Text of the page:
Non-judical sale is not exactly a foreclosure

The problem is that a statute passed for judicial economy is now being used to force the burden of proof onto the borrower in the foreclosure of their own home

I think the main issue in non-judicial states is what does “non-judicial” mean.

I think in your argument you do NOT want to concede that they wish to foreclose. What they want to do is execute on the power of sale in the deed of trust WITHOUT going through the judicial foreclosure process as provided in state statutes.

You must understand that the opposition is seeking to go around normal legal process which requires a foreclosure lawsuit. THAT would require them to make allegations about the obligation, note and mortgage that they cannot make (we are the lender, the defendant owes us money, we are the holder of the note, the note is payable to us, he hasn’t paid, the unpaid balance of the note is xxx etc.) and they would have to prove those allegations before you had to say anything. In addition they would subject to discovery in which you could test their assertions before an evidentiary hearing. That is how lawsuits work.

The power of sale given to the trustee is a hail Mary pass over the requirements of due process. But it allows for you to object.

The question which nobody has asked and nobody has answered, is on the burden of proof, once you object to the sale, why shouldn’t the would-be forecloser be required to plead and prove its case? If the court takes the position that in non-judicial states the private power of sale is to be treated as a judicial event, then that is a denial of due process required by Federal and state constitutions.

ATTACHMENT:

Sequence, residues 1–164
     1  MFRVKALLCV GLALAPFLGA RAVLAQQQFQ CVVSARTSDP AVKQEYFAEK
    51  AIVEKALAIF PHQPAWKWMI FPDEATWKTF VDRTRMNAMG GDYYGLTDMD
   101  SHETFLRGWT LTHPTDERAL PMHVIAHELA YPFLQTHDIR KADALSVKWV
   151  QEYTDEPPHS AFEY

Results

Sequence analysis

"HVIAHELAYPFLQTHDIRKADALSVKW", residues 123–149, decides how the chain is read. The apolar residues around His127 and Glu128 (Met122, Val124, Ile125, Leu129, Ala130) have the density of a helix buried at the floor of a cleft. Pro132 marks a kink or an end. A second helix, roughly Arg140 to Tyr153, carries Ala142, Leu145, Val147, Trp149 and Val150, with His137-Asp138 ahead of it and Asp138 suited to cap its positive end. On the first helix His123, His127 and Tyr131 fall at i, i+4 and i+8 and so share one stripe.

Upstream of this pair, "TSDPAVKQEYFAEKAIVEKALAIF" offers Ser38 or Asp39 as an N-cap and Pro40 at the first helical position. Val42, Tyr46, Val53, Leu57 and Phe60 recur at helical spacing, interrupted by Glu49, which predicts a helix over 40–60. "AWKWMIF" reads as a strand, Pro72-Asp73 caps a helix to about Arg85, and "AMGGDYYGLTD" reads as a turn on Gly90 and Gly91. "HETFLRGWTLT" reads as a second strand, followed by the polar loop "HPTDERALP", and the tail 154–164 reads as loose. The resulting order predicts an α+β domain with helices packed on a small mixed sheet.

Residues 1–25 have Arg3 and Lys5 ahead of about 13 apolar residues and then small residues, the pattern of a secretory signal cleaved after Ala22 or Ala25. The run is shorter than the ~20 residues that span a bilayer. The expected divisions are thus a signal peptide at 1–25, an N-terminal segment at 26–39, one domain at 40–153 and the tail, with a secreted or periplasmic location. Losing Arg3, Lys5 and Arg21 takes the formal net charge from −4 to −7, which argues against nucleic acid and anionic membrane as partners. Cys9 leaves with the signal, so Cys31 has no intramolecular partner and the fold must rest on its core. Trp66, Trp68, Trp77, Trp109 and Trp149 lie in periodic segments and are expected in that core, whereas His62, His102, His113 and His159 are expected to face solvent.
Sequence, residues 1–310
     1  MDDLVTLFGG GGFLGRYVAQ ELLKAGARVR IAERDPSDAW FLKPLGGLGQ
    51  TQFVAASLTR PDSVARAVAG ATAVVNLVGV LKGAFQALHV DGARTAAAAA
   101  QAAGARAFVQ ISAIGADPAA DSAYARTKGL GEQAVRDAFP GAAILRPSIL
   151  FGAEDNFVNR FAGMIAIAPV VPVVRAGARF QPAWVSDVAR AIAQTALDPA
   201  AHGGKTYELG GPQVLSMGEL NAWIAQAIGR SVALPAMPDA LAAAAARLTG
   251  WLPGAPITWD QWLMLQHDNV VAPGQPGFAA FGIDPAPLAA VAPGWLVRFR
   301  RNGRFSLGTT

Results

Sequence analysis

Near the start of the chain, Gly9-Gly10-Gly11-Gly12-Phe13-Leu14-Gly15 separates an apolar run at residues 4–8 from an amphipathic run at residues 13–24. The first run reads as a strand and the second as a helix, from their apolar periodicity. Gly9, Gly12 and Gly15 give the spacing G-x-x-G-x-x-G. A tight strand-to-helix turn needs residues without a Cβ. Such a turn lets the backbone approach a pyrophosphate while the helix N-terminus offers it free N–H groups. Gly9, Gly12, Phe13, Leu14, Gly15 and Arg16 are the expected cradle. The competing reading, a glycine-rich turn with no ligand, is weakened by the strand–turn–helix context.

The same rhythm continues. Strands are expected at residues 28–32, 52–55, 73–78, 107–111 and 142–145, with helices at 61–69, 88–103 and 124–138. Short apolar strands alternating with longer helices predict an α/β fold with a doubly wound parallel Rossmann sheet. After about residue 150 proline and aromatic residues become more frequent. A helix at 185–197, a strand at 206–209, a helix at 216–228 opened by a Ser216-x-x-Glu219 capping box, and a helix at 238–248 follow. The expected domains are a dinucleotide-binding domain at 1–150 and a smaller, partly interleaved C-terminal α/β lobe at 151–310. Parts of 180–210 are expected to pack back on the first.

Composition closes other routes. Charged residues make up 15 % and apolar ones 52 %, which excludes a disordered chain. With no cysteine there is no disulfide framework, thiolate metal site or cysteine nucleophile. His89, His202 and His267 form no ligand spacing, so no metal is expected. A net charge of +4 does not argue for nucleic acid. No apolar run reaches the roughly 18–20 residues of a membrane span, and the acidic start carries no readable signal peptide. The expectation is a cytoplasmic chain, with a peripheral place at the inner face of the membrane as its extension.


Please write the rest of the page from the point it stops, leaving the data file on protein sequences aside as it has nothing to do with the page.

The only reason it is allowed, is because it is private and “non-judicial.” The quirk comes in because in practice the homeowner must file suit. Usually the party filing suit must allege facts and prove a prima facie case before the burden shifts to the other side. So the Judge is looking at you to do that when you file to prevent the sale.

Legally, though, your case should be limited to proving that they are trying to sell your property and that you have meritorious defenses. That SHOULD trigger the requirement of re-orienting the parties and making the would-be forecloser file a complaint (lawsuit) for foreclosure.

Then the burden of proof would be properly aligned with the party seeking affirmative relief (i.e., the party who wants to enforce the deed of trust (mortgage), note and obligation) required to file the complaint with all the necessary elements of an action for foreclosure and attach the necessary exhibits.

They don’t want to do that because they don’t have the exhibits and the note is not payable to them and they cannot actually prove standing (which is a jurisdictional question). The problem is that a statute passed for judicial economy is now being used to force the burden of proof onto the borrower in the foreclosure of their own home. This is not being addressed yet but it will be addressed soon.

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